When we came to an abrupt halt outside the entrance of Malis in Siem Reap, I was in a mild state of shock. Our tuk tuk driver hooning down a one-way street in the opposite direction might have contributed had this been our first week in South East Asia, but by this point we were nonchalant about these things. I was actually more taken aback by the grandeur of Malis, and relieved I had decided to ditch the flip flops in favour of real shoes. From the attention-grabbing entrance to the sultry dining room which wrapped around a lush little courtyard, the whole space was rather stunning. As was the food, but I had already suspected that would be the case. Malis, brainchild of local celebrity chef Luu Meng, has been serving its refined take on traditional Khmer cuisine for close to 15 years in Phnom Penh and has recently brought this same touch of class to Siem Reap!
To complement the delusions of grandeur I gained when I set foot into Malis, it seemed fitting to start with the royal mak mee, a dish which comes directly from the Royal Palace. We watched intently as our waiter transformed the plain crispy noodles into a luscious assortment of colour and texture with the addition of a pork sauce, shredded omelette, spring onions and bean sprouts. The fragrant sauce is the star component which marries everything together – a potent blend of Malis’ kroeung, a traditional curry paste, and a generous splash of coconut milk to mellow it out. The green mango salad with smoked, dried fish we had alongside also proved to be a wonderful example of balance. On its own, the fish would have been too intense and salty but paired with a sweet and tangy salad, it shone.
It would be criminal to leave Cambodia without one last fish amok, so we dutifully ordered Malis’ version of the national dish. Three small parcels arrived, each piping hot and almost bursting out of the banana leaf seams, their inviting aromas wafting straight to my happy place. After over a week of eating fish amok, I can completely understand why Cambodians are so in love with it. The simplicity and adaptability is part of its allure as you know each is going to be slightly different depending on the chef’s tastes and tweaks. At Malis, they have gone for full indulgence – plenty of fleshy fish, plenty of spices, and to cap it off, a generous dollop of rich coconut cream on top!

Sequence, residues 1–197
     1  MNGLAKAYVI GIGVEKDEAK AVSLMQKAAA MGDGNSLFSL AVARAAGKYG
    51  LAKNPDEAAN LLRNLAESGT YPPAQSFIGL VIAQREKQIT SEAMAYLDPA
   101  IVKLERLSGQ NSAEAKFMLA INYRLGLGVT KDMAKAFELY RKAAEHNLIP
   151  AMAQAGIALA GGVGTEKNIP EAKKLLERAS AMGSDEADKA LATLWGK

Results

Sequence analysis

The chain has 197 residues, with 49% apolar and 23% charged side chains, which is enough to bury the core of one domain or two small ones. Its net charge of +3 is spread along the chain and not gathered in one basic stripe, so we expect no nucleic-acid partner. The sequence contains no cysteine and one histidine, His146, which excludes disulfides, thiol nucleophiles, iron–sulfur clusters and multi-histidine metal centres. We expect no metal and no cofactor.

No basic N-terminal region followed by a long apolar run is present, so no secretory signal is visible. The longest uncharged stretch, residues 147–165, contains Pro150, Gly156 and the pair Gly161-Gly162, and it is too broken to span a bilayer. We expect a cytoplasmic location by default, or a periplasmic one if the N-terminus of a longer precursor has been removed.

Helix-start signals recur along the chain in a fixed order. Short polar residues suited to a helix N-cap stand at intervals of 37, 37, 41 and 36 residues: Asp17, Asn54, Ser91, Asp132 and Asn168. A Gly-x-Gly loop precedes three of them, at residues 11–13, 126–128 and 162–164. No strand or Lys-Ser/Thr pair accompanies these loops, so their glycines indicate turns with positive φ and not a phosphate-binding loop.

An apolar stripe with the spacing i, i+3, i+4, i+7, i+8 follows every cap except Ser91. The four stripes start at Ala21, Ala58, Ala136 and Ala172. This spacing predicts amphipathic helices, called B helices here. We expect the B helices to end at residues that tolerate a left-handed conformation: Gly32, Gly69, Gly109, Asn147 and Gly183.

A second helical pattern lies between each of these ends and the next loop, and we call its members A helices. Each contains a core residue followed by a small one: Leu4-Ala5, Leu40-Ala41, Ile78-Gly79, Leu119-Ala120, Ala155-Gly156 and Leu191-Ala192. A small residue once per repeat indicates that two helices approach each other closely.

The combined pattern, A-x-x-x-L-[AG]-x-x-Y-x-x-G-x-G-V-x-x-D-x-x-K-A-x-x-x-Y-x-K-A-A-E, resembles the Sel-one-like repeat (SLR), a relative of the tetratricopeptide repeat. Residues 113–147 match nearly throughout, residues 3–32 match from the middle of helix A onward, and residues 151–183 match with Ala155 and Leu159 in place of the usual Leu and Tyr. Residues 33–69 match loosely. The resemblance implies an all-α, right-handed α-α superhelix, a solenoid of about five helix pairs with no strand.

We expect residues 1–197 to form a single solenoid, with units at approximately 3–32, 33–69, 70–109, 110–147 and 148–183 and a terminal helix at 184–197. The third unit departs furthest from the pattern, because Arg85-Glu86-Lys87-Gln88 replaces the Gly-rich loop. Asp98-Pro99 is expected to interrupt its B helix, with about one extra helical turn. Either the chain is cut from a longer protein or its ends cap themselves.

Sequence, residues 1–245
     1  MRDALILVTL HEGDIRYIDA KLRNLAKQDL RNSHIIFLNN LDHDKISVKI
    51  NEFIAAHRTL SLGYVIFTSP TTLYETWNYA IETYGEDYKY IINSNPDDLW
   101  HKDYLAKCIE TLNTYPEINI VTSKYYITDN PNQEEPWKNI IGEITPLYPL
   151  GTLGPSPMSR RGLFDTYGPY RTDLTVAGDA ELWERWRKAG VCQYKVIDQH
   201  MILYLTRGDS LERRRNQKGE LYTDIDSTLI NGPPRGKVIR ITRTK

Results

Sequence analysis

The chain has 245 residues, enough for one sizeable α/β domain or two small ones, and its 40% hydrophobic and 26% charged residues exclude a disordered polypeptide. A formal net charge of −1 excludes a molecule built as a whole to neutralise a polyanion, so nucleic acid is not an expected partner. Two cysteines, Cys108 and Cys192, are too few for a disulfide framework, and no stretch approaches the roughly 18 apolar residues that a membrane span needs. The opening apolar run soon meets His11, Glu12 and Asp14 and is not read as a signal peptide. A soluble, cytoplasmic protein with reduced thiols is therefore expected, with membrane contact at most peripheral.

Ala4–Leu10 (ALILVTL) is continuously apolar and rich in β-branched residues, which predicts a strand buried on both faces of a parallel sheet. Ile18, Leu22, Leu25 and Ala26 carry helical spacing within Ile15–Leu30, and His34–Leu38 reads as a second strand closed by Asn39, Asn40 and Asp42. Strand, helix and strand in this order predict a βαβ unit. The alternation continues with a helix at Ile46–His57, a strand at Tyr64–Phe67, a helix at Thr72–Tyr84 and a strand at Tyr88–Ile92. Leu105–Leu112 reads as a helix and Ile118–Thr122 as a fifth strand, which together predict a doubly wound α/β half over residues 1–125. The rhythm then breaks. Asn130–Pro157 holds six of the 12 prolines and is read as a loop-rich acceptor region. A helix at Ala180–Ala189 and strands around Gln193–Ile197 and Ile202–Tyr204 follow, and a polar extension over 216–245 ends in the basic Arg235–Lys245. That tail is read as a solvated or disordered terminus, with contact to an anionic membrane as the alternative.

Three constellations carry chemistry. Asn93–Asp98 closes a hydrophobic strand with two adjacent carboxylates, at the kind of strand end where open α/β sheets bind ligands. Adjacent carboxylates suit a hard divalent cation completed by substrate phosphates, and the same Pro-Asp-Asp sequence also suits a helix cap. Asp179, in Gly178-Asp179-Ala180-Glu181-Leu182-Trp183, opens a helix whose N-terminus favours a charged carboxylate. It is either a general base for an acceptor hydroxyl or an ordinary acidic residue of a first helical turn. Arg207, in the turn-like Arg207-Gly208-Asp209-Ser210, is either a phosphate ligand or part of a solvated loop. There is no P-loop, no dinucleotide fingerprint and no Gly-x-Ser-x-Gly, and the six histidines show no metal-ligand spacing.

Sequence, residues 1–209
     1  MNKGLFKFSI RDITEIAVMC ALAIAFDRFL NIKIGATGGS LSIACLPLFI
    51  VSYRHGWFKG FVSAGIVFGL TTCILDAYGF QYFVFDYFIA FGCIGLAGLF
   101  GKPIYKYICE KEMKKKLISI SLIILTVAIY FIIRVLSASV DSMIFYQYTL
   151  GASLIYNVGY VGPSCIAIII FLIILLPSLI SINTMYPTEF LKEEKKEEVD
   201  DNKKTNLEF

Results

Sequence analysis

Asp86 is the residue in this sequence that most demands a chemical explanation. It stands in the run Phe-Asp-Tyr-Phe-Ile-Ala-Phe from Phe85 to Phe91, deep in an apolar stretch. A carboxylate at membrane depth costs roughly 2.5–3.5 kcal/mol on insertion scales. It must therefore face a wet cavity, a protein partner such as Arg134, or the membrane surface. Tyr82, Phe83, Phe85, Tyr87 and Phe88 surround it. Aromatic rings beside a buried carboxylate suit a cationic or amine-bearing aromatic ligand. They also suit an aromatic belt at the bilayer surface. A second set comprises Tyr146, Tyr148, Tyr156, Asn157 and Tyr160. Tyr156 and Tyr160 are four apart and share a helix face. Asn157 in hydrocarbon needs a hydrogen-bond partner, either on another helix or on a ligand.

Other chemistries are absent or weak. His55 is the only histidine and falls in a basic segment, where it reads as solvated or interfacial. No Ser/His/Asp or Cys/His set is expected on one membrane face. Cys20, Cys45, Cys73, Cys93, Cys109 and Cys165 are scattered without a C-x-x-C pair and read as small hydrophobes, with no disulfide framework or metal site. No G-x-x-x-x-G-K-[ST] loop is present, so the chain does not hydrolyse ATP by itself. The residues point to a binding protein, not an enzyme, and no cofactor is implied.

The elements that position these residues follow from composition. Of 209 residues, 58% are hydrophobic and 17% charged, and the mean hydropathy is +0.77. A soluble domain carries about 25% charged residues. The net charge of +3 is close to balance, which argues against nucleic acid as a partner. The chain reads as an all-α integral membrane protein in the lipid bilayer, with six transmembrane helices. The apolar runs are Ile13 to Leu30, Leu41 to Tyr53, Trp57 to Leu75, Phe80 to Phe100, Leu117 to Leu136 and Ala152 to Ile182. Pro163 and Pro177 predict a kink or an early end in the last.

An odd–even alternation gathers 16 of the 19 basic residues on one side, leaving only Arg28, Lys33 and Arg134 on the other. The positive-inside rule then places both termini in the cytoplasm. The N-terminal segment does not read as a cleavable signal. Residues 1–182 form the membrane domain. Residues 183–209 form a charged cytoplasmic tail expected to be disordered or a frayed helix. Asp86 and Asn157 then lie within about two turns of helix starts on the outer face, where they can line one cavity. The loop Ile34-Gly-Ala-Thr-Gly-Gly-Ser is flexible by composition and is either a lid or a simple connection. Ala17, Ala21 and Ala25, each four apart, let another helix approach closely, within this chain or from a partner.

I also had a soft spot for the saraman beef, an unctuous curry where the beef was slowly braised in a traditional kroeung paste with additional spices such as star anise and cassia bark, and coconut milk. It reminded me very much of my beloved Malaysian beef rendang, but with more sauce – something I very much approve of as I love nothing more than smothering plain white rice with lashings of curry! It also went very well with the side of zucchini, simply stir fried with plenty of fresh garlic. In between my gigantic helpings of the curries I also enjoyed the moringa soup, a light broth with moringa leaves and pumpkin pieces which the locals believe have medicinal properties. I’m no expert when it comes to natural remedies but can confirm that it was exceptionally soothing and I felt healthier with each sip.
Usually when the sweet treats arrive, I quickly succumb to a sugar coma and am only capable of uttering a few ‘umms and ahhs’, but Malis’ inventive fusion creations caused quite the stir at our table. The Malis mousse is their signature offering, a jasmine flower infused mousse surrounded by fresh fruit, served with crunchy rice doughnuts and coconut ice cream. There were a lot of flavours going on here and we didn’t love them all – the mousse was too floral for our tastes, but the fried goods and cool ice cream were delectable. We agreed that the kampot pepper brûlée was inspired, the hint of warmth from these fresh green peppercorns set this aside from your everyday brûlée – definitely the must order dessert in my opinion!
Dining at Malis was quite the treat and a fitting end to our time in Cambodia – the food was generous and satisfying, while the service was friendly and efficient. We got to indulge in dishes we have come to love during our time there, discover some new favourites too, and do so in the most gorgeous surroundings. I think this sums up the Malis ethos and hospitality perfectly – their aim has always been to restore Cambodian cuisine to its former glory and deliver it in style!
Thank you to the team at Malis Siem Reap for looking after us so well, but as always, all opinions are mine and mine alone!
If you’re looking for more Cambodia travel inspiration, check out my other posts…
- A guide to Phnom Penh for first time visitors
- Review of Khema in Phnom Penh
- A guide to three of the best contemporary Khmer restaurants in Siem Reap
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